Empowering the People of God: Catholic Action before and after Vatican II by Christopher D. DennyEmpowering the People of God: Catholic Action before and after Vatican II by Christopher D. Denny

Empowering the People of God: Catholic Action before and after Vatican II

byChristopher D. Denny, Mary Beth Fraser ConnollyEditorJeremy Bonner

Hardcover | November 1, 2013

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The early 1960s were a heady time for Catholic laypeople. Pope Pius XII's assurance "You do not belong to the Church. You are the Church" emboldened the laity to challenge Church authority in ways previously considered unthinkable. Empowering the People of God offers a fresh look at the Catholic laity and its relationship with the hierarchy in the period immediately preceding the Second Vatican Council and in the turbulent era that followed. This collection of essays explores a diverse assortment of manifestations of Catholic action, ranging from genteel reform to radical activism, and an equally wide variety of locales, apostolates, and movements.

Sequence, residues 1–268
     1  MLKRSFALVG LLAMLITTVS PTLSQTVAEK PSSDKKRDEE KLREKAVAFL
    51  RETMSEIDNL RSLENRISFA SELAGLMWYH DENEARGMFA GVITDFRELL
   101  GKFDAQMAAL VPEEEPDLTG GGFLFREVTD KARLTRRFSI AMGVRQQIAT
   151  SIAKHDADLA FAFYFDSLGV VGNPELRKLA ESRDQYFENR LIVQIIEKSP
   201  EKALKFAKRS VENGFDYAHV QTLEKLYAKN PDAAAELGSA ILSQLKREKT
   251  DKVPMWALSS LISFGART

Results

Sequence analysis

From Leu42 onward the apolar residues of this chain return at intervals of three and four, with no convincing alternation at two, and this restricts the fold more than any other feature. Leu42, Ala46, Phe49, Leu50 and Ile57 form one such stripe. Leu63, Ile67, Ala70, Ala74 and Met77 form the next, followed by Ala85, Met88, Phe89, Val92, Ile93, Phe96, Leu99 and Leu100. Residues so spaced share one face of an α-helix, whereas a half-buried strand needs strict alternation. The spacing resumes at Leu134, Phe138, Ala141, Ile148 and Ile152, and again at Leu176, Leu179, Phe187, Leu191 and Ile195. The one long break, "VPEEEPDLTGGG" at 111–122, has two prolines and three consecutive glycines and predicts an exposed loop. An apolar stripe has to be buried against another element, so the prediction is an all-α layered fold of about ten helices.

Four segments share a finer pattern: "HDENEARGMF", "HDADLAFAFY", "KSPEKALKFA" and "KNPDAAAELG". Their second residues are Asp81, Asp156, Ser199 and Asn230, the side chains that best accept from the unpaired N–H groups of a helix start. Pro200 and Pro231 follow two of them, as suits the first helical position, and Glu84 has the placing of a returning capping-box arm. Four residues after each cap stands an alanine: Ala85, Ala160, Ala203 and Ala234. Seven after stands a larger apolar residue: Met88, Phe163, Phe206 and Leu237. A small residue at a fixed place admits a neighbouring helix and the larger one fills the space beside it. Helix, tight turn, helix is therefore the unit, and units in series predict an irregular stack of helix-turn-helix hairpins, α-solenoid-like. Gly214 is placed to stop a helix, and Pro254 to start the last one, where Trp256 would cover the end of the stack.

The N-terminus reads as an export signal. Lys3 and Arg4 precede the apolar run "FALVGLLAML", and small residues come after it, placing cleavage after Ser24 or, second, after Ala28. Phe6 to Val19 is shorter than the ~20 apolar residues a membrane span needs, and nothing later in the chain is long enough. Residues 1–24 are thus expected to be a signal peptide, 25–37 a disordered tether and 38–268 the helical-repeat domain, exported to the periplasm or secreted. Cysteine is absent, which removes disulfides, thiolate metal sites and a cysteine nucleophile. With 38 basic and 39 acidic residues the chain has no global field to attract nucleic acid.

Jeremy Bonner is an independent scholar in Pittsburgh, Pennsylvania. Mary Beth Fraser Connolly is the Assistant Director of the Lilly Fellows Program and Assistant Adjunct in History at Valparaiso University, Valparaiso, Indiana. Her research interests include the history of American women and religion, with a particular interest in A...
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Title:Empowering the People of God: Catholic Action before and after Vatican IIFormat:HardcoverDimensions:408 pages, 9 × 6 × 0.98 inPublished:November 1, 2013Publisher:Fordham University PressLanguage:English

The following ISBNs are associated with this title:

ISBN - 10:0823254003

ISBN - 13:9780823254002

Reviews

Editorial Reviews

Empowering the People of God gives a nuanced, complicated, insightful portrait of Catholic Action as a spectrum rather than a monolith. The volume is timely, not just for historians of American Catholicism, but also for those seeing to understand the deeper backstory to the contesting definitions of authority in the Church in the present moment.